Igneous Rock Help (page 2)

By — McGraw-Hill Professional
Updated on Aug 31, 2011


What is magma, anyway? Magma is the sea of melted rock found in the mantle. This super-heated liquid is hotter and cooler depending on its location and activity within the mantle’s circulation currents.

Geologists use pyrometers to measure the temperature of lava from a distance. A pyrometer is an optical measuring device that allows temperature measurements to be taken safely. Freshly blasted magma has been measured at temperatures between 1000 and 1200°C. Once magma arrives, it cools. The cooler lava gets, the greater its viscosity and the slower it moves. But don’t get too close, lavas that are barely moving have been measured at temperatures of 800°C.

Viscosity is the resistance that a fluid has to flow because of its chemical and structural composition.

Temperature plays a big part in magma’s viscosity. Think of pancake syrup or molasses; the hotter it gets, the runnier it gets. Heat excites the atoms and adds energy.

With magma, the silica content is also a big factor. Silicate minerals have a basic tetrahedral (pyramid-shaped) structure. They are linked together by shared oxygen molecules. However, silicate molecules in hot magma form crazy chains, sheets, and big matrices. As these linked silicate molecules get larger, the magma becomes more and more viscous and doesn’t want to flow. The number of tetrahedral bonds that can be formed into linked molecule groups depends on the amount of silica present in the magma. Put simply, silica in magma gets hard when it cools.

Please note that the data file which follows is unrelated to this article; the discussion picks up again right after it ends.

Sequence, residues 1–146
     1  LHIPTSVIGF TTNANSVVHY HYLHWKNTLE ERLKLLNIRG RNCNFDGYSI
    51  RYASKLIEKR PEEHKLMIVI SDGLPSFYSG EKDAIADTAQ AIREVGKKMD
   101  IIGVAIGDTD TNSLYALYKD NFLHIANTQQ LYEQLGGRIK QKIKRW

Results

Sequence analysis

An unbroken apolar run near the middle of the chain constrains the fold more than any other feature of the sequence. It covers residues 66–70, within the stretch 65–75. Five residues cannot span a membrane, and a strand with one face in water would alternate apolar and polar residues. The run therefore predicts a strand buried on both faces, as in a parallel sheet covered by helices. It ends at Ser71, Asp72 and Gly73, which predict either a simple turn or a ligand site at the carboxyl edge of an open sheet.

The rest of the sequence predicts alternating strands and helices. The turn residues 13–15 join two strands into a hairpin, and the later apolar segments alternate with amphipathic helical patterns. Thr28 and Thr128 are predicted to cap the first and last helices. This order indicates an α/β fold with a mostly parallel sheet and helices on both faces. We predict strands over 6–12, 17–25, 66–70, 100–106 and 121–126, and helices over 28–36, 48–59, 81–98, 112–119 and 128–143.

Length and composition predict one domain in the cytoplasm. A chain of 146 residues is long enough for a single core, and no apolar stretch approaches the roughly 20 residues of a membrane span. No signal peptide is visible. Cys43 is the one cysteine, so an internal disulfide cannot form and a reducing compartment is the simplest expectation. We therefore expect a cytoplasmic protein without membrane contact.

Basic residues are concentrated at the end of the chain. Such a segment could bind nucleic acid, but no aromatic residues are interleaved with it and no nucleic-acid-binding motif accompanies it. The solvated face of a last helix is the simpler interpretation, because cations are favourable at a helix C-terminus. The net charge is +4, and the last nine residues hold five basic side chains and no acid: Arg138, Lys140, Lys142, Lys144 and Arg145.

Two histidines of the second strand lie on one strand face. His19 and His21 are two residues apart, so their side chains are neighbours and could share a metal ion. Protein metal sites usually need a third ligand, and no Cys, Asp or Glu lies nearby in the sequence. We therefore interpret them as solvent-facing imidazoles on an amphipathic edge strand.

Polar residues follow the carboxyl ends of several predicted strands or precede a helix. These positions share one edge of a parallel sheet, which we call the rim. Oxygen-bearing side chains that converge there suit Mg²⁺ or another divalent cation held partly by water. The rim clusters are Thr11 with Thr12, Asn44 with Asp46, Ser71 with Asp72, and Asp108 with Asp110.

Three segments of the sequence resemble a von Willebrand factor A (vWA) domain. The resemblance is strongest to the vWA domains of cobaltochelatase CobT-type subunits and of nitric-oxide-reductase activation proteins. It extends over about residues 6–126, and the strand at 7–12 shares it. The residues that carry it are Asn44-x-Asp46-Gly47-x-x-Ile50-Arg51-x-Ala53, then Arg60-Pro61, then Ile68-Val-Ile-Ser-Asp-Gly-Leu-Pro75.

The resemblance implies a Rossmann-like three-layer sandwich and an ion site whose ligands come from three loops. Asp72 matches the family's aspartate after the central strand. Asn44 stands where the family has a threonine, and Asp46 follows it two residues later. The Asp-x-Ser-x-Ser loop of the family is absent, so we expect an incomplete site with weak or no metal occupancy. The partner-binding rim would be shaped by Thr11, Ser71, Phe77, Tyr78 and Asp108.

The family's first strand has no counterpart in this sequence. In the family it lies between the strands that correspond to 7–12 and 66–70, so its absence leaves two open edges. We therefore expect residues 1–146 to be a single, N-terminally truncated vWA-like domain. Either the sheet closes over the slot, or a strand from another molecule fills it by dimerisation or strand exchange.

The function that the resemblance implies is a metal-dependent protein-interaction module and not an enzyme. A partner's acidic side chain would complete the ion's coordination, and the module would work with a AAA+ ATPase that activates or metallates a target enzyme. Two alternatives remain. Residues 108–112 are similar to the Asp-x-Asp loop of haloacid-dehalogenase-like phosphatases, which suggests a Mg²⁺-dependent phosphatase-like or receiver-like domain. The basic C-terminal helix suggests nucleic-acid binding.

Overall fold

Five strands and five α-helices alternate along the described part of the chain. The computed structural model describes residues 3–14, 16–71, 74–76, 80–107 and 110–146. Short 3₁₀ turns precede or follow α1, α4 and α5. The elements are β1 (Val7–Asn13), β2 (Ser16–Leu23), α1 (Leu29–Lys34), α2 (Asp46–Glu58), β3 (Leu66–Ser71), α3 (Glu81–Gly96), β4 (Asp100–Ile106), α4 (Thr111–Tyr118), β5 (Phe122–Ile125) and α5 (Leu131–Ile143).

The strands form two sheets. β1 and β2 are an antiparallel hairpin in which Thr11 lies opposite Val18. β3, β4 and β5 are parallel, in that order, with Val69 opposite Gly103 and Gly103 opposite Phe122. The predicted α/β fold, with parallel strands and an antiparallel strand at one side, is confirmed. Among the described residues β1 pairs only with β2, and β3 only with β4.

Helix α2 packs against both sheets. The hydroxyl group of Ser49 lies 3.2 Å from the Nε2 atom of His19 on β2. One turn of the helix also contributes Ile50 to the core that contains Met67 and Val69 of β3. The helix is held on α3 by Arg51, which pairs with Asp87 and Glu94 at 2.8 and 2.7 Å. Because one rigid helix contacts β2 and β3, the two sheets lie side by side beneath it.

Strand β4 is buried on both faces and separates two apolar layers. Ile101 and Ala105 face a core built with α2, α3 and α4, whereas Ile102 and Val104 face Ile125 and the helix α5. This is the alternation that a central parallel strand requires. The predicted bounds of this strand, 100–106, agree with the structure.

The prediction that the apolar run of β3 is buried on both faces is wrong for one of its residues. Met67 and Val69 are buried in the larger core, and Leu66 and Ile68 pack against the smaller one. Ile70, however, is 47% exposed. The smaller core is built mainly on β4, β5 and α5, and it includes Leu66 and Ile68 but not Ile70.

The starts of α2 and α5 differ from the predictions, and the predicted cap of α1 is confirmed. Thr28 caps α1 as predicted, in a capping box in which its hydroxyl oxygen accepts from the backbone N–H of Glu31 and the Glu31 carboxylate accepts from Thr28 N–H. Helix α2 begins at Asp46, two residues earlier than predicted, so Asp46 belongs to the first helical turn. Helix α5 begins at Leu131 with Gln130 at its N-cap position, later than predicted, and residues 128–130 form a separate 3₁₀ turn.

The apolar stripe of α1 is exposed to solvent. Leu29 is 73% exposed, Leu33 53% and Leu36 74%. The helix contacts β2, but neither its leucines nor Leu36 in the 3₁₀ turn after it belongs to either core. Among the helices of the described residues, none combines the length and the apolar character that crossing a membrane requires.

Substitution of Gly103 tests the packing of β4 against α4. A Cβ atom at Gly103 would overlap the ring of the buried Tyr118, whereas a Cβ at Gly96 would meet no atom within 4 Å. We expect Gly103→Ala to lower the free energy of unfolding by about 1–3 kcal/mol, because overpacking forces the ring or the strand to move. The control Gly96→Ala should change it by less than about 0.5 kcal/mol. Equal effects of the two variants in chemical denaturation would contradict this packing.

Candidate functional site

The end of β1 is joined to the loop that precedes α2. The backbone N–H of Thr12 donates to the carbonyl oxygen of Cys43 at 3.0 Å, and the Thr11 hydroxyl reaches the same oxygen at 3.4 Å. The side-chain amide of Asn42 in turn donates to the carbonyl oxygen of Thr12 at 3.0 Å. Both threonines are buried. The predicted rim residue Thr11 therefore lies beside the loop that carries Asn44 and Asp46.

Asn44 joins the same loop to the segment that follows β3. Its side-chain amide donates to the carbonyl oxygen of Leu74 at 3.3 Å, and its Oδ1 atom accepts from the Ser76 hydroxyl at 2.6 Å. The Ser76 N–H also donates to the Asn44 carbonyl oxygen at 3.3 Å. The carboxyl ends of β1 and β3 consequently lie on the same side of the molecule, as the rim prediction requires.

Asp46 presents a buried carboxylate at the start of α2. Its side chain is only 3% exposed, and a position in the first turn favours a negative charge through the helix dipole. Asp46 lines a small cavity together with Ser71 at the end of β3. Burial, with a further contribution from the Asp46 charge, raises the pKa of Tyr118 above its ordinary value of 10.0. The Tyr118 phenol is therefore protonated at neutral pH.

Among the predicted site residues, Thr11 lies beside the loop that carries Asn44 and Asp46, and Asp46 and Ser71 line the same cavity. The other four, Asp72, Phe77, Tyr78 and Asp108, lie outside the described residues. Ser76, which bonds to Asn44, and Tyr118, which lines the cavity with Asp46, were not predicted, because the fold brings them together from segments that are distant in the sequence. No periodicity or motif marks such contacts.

↑ the number of tetrahedral, ↑ the linked group silicates, ↑ the viscosity

Some temperatures recorded at different sample locations are hotter in some areas of the crust than others. This tells geologists that the thickness of the crust changes and produces more volcanic activity in some areas than others. In active volcanic areas like Hawaii, the temperatures at 40 km have been recorded as high as 1000°C, while in more stable areas, the temperature at the same depth is only 500°C. After magma flows from the depths of the mantle out onto the crust, it is called lava .

Magma chambers are pockets of molten rock formed in the lithosphere. These chambers may be formed as surrounding rock is pushed down during plate interaction and melted. The outline of magma chambers have been seen while recording earthquake waves from active volcanoes. The depth, size, and overall shape of magma chambers can be figured out based on these readings.

Magma is the origin of all volcanic rock. It has been around since the formation of the Earth.

When scientists studied the texture of quickly cooled magma, they found it took on two distinct forms: fine crystalline rock or glassy rock with no visible crystals. This is the magma blown violently from volcanoes during eruptions.

Some magma is very fluid and rains down fine molten fire, which cools quickly into ash. Some magma mixes with groundwater and creates super-heated steam and land-leveling mudflows.

Lava that slowly blobs out in bubbles and globs like slow moving molasses has a different texture. Since slow flowing lava streams and lakes below ground have a longer trip to the surface, they have time to form crystals. The longer lava cools, the larger and more complex the crystals can grow without interruption.

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